Infernal Machines

by

I’ve been on a bit of a reading bent of late, starting with Harry Potter and the Deathly Hallows (which I still haven’t written a review for), but Infernal Machines, the third book in the series which started with Mortal Engines, is the first one off my shelf of to-be-read books (I keep buying new ones and reading those instead).

As with the previous books the pace is high and the action non-stop. This story brings back many of the characters in previous books, but takes place fifteen years later, when the main characters in the previous books, Tom Natsworthy and Hester Shaw, have a daughter, Wren, and have settled down from their adventurous early life. Squirrelled away in a long-forgotten part of the world all is quiet, too quiet for Wren who desires adventure, so when the Lost Boys turn up looking for something, she helps them and gets pulled into a tale even she will wish to end.

Almost sentimental in parts, with some easy-to-guess twists, but they’re made up with non-stop action and the constant drive forwards. Tom and Hester’s relationship, always seemingly hung on a knife edge, finally comes to a breaking point, with Tom becoming softer and Hester almost on her way to becoming as cold and hard as her father and relishing the time away from the dullness of home. Many of the plot points, stories and locations of the earlier books come back to haunt us, which is both comforting and shows the larger plot Reeve obviously has in place (book four, The Darkling Plain, has long been released).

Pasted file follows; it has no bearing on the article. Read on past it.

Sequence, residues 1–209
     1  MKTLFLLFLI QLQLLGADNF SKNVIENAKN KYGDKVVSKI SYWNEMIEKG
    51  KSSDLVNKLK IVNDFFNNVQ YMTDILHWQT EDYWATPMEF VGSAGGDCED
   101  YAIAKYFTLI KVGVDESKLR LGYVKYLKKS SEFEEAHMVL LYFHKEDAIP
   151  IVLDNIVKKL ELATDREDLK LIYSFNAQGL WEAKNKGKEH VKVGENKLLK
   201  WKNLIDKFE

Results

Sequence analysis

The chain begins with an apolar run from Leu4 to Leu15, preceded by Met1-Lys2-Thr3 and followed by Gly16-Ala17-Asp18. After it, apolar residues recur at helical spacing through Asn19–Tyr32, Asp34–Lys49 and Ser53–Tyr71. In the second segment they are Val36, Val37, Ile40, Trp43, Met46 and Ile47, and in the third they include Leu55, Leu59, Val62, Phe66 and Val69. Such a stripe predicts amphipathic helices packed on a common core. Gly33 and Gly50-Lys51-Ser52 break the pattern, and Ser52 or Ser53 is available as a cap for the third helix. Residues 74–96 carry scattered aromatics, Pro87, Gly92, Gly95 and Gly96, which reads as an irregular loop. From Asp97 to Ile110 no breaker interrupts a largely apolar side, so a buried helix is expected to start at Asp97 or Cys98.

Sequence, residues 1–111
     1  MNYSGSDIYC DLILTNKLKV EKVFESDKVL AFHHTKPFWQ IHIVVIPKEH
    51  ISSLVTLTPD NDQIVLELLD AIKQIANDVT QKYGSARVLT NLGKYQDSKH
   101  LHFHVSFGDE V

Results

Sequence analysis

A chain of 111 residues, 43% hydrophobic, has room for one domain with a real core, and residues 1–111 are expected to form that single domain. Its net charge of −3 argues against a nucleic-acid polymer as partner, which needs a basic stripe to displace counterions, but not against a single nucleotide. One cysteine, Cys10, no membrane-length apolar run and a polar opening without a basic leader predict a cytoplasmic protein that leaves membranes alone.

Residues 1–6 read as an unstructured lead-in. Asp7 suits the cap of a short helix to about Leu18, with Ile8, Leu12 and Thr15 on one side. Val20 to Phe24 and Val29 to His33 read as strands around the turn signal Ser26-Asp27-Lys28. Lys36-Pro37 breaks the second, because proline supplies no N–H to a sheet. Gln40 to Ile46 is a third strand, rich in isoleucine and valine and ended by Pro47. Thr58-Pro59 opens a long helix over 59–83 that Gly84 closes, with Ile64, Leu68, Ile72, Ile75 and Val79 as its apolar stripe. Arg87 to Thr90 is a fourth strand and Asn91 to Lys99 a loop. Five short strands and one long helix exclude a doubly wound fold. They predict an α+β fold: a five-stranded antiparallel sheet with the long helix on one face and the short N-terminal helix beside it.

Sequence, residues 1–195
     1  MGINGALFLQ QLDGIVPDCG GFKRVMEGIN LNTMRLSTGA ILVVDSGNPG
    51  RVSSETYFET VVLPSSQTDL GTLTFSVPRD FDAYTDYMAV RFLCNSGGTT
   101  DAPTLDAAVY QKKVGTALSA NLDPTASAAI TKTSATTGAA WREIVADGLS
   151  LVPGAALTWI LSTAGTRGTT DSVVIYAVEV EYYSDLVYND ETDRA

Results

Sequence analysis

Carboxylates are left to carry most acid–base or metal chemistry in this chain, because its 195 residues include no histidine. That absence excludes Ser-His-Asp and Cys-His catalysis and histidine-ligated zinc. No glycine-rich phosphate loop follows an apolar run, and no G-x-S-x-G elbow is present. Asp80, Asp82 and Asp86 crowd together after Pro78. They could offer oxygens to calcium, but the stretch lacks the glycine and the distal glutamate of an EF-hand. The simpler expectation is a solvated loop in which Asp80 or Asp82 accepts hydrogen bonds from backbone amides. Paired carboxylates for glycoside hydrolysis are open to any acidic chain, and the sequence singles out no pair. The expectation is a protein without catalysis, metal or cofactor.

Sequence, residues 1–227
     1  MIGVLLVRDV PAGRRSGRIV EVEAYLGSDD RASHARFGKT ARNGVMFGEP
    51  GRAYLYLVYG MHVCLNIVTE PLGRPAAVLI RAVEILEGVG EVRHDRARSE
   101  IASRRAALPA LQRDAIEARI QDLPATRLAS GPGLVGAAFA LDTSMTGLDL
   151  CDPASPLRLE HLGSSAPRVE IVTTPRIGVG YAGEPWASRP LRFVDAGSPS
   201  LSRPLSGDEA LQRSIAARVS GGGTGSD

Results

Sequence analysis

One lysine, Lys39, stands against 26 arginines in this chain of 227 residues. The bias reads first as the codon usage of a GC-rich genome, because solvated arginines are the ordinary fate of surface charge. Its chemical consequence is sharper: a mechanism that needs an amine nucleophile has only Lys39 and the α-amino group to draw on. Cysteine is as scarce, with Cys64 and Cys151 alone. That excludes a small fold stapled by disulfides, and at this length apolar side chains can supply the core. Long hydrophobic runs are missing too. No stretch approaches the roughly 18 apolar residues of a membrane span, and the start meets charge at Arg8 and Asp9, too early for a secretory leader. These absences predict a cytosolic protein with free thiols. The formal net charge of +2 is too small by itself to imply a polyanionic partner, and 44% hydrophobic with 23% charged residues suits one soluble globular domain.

Altogether, an enjoyable, if not especially challenging, read with characters and ideas that step well away from the stereotypes used by many authors. My only question is why someone hasn’t made these into films yet, just imagine a traction city chasing a smaller town across the scorched Earth, that would be a sight to behold.

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Reviewed: 21st August 2007